Furthermore, the Government Accountability Office issued a 2016 report on reforms that the PTO, an agency subcomponent, could undertake to improve the patent review process and patent quality.  The GAO recommendations centered around improving the standard of review conducted by the examiners through increased managerial guidance and monitoring.  The report suggests that the PTO establish a consistent definition of what constitutes a quality patent and standardize procedures to efficiently determine if a previous patent should be cited as prior art, which is any publicly disclosed information that is similar or relevant to a patent application. For some applications, the list of prior art disclosures can be lengthy and excessive. GAO also recommends that the PTO leadership assess examiner workloads better, so that agency personnel is incentivized to thoroughly review patents for quality rather than focusing on clearing large quantities of patent applications.  By streamlining, standardizing, and better managing personnel, the PTO would approve higher quality patents and combat patent trolls before the patents are even issued.

Legislative Branch

Congress has also issued reports that study patent procedures and suggest policies to limit patent trolls’ effectiveness.  A 2013 report from the Congressional Research Service delves deeply into specific legislative recommendations on patent reform. Among them are proposals to create IT-specific reforms that only clarify IT definitions and dismiss ambiguous claims, make information on pending and issued patents more easily discoverable, shift more litigation burdens and royalty costs onto identified non-practicing entities, shorten patent terms and change maintenance fee structures, punish firms for not developing or using the patent, and publish assignment and licensing terms for all patents.  These reforms would create better transparency in the process and take away legal power from non-practicing entities, which would protect innovative companies from a number of lawsuits.

Judicial Branch

The legal system will also play a role in patent reform efforts both to help craft patents and litigate cases in court. Patent attorneys can assist the PTO, Congress, and the judiciary in understanding patent intricacies.  In 2014, the Bar Association of San Francisco published an article in support of recent efforts to reform the patent process. The author commended the PTO for implementing training programs to identify and rigorously examine “functional claims.”  These patent claims attempt to protect the goal of a patented device, which broadens the scope of the claim, rather than the structure to achieve the goal. This creates a more specific claim, and the author notes that functional claims “can limit whole areas of innovation and subject defendants to unpredictable claims.”  By obtaining expertise on legal language and litigation techniques, examiners at the PTO will be able to better identify and reject claims and patents that benefit trolls.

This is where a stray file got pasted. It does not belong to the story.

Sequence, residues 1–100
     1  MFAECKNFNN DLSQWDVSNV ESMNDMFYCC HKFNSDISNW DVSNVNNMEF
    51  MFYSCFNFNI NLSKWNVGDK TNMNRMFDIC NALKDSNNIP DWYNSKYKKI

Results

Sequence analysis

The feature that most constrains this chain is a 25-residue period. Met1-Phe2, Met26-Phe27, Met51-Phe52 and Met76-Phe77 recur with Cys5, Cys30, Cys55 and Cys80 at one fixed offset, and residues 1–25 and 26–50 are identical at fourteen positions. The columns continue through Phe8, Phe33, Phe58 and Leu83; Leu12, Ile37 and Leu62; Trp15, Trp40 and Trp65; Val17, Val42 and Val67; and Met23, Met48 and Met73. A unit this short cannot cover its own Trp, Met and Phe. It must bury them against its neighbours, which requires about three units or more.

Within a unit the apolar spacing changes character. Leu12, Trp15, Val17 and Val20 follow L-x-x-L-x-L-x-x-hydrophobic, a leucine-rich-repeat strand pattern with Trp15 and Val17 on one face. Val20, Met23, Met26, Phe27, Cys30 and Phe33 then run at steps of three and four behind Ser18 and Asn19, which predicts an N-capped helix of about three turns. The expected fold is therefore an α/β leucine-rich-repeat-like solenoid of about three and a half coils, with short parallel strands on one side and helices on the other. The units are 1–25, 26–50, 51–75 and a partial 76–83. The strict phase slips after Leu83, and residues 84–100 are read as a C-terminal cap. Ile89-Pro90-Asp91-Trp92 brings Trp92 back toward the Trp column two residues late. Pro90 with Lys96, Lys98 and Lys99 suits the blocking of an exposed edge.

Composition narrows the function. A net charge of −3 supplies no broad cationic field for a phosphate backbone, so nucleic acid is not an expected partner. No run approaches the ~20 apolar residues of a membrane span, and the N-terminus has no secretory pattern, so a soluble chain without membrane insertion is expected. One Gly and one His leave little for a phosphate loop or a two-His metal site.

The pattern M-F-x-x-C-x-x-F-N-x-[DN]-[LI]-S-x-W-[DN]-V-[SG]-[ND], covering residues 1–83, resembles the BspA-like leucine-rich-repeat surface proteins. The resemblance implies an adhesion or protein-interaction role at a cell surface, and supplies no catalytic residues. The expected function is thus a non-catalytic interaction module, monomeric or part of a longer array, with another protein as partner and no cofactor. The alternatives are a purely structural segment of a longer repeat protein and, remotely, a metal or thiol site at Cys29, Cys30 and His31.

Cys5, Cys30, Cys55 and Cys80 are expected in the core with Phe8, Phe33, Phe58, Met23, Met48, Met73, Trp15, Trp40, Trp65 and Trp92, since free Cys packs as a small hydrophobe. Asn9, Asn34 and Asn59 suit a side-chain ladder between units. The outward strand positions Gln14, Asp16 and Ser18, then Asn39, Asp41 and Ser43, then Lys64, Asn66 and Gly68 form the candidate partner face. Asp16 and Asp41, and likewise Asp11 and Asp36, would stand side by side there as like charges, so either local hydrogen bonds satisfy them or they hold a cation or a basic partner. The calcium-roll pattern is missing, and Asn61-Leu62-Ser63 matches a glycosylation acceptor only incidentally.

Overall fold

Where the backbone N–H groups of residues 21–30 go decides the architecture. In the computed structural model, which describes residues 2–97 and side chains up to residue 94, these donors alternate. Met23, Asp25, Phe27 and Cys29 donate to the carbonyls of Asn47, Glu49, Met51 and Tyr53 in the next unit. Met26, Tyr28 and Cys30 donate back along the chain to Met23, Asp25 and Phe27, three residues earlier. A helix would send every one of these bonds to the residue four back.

Lastly, the Supreme Court has recently helped resolve patent disputes. The precedents have made it easier for defendants to recover legal costs of frivolous lawsuits and challenge vague patent claims.  As noted by James Bessen, the Court set a clear precedent in Alice Corp. v. CLS Bank where the justices ruled that implementing an existing business method on a computer is not patentable.  He argues that this ruling greatly decreased the volume and defense costs of lawsuits filed by trolls, and while he commended efforts by the PTO that contributed to this reduction in litigation, he advised the Court to continue interpreting rules regarding software patents. The Court’s interpretations of patent language will continue to be crucial in clarifying legal definitions for new technologies.


Patent trolls negatively impact our economy and inhibit innovation in society.  Their practices stop companies from investing in new ideas for fear of being sued, and it is the responsibility of the executive, legislative, and judicial branches of government to fight against non-practicing entities and protect American inventors. Government can accomplish this by tailoring policies and reforms to ensure more specific and high quality patents are issued, clarifying and standardizing definitions in new technological fields, and by reforming the litigation process itself to decrease incentives for frivolous lawsuits. Although often overlooked in policy discussions, patent prosecution and litigation are extremely important institutions in our society because they allow government to facilitate and regulate technological innovations that improve our nation. The key to fostering innovation is mitigating the effect of patent trolls on inventors.